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A Twist for an Ancient Tongue Trying to Survive

April 24, 2005|John Daniszewski | Times Staff Writer

AN SPIDEAL, Ireland — Generations of English-speaking tourists who have used this pretty village of thatched cottages as a jumping-off point for the pleasures of the wild Connemara region have known it as Spiddal.

But a new government policy means that the settlement, which boasts spectacular views of Galway Bay and the Aran Islands in the distance, will be known only by its Gaelic name, An Spideal.

As of March 28, all English versions of place names were eliminated in the Gaeltacht, the pockets of Ireland where a majority of people still speak Gaelic. English no longer has official standing on signposts, legal documents or government maps. (For now, until the sign-makers get cracking, officials are just covering up the English names.)

It is the latest official gesture in support of the Irish tongue. But is it too little, too late? In the midst of an economic boom that is both encouraging and threatening Gaelic's popularity, many advocates for the republic's "first official language" are worried.

"It is terrible how things are going," said Seamas O Cualain, an 82-year-old enthusiast of the language of his forebears, which is almost always called Irish on this island to distinguish it from the Scottish form of Gaelic. "The language is dying in the Gaeltacht."

The lilting tongue, which arrived in Ireland with the Celts centuries before Romans reached the British Isles, has an alluring sound, aspirated consonants and a rich trove of poetry and folklore. Just a few words have moved into English: "smithereens" and "leprechaun," for example. But something of its musical syntax is captured by Irish English, as in the phrase, " 'Tis himself that's coming now."

The change in the place names makes sense, advocates say. The English versions, put down by government surveyors in the early 1800s, are mostly nonsensical phonetic approximations of Gaelic words.

Spiddal, for instance, has no meaning in English or Irish. But in Irish, An Spideal means "the hospital," a name that derives from the village's having once been the site of a leper colony.

Another egregious example is a spit of land with the bowdlerized English name of Muckanaghederdauhaulia. In Irish, it won't be much easier to spell: Muiceanach idir Dha Shaile. But at least it will have a meaning: the point between two tides.

Tourist maps, however, will continue to carry English place names in the Gaeltacht -- which includes parts of seven counties -- alongside the Irish.

The changes are a way to encourage Gaeltacht residents who may be wavering to hang on to their language by showing it its due respect, said Deaglan O Briain of the Department of Community, Rural and Gaeltacht Affairs in Dublin. "Official Ireland [is] saying to people in the Gaeltacht areas that we do recognize that you are there, and your language exists."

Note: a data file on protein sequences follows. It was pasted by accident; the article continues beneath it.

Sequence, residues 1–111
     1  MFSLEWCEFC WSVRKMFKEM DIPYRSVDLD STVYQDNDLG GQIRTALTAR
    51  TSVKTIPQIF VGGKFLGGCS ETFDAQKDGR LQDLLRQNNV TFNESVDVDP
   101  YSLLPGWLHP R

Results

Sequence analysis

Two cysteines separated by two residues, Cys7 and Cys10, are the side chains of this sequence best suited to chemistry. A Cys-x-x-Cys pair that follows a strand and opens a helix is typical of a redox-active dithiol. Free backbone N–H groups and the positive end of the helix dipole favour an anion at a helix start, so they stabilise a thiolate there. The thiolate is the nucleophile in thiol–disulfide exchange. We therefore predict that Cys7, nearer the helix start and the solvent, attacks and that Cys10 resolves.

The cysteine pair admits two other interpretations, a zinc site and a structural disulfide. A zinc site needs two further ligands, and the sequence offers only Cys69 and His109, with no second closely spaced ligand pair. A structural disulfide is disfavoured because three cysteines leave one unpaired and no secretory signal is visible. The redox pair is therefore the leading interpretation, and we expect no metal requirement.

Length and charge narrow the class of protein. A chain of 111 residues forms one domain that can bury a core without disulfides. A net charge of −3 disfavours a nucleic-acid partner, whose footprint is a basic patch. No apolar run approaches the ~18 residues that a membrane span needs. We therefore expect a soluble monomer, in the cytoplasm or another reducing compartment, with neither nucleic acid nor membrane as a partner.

O Cualain, meticulously dressed, with glassine skin, blue eyes and a shock of white hair, met a reporter in his neat cottage, the fireplace aglow in his cozy study cum dining room. He is, he said, part of a generation of native speakers trained as teachers in Irish-only preparatory colleges.

The goal was for these graduates to spread the language across the island, bringing the dying tongue back to life in all of the 26 counties that secured de facto independence from Britain in 1922. The idea was promulgated by W.T. Cosgrave, leader of the Irish Free State, the nation's first incarnation as a republic.

More than 80 years later, a debate rages about the efficacy of those efforts, prompted in part by the Irish-language commissioner's recent criticism of the teaching of the language in public schools.

Students must study Irish for 13 years, from kindergarten through high school, receiving more than 1,500 hours of instruction in all. Yet many still graduate without fluency, says Commissioner Sean O Cuirreain.

He is a government official who acts as an ombudsman for Irish-speaking citizens and monitors government departments' implementation of Irish-language policy from his office in An Spideal. O Cuirreain believes that the country could do much better and that teaching methods should be reviewed.

On the other hand, he sees positive signs -- such as a recent trend of parents outside the Gaeltacht sending their children to all-Irish-speaking schools.

Five percent of Irish children are in such classrooms, he said, while an Irish-language TV station gets 100,000 viewers a day, and people listen to pop music on a 24-hour Irish-language radio station.

In all, 1.57 million -- or nearly 40% -- of the nation's 4 million people say they speak Irish, and 337,000 (counting schoolchildren) say they use it daily, according to the latest census figures. In the Gaeltacht, 60,000 people employ it each day.

But at a restaurant in An Spideal called An t'Sean Ceibh (The Old Pier), where a fresh sea breeze wafted through the sunlit bar as patrons sipped pints and ate Irish stew, Soracha Ni Chonghaile admitted that she wasn't always among those.

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